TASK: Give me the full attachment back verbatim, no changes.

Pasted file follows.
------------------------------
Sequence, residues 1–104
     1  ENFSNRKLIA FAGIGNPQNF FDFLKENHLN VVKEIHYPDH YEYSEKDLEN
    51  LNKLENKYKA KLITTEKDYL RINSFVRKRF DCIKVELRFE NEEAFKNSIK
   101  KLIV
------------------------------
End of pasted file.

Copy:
Sequence, residues 1–104
     1  ENFSNRKLIA FAGIGNPQNF FDFLKENHLN VVKEIHYPDH YEYSEKDLEN
    51  LNKLENKYKA KLITTEKDYL RINSFVRKRF DCIKVELRFE NEEAFKNSIK
   101  KLIV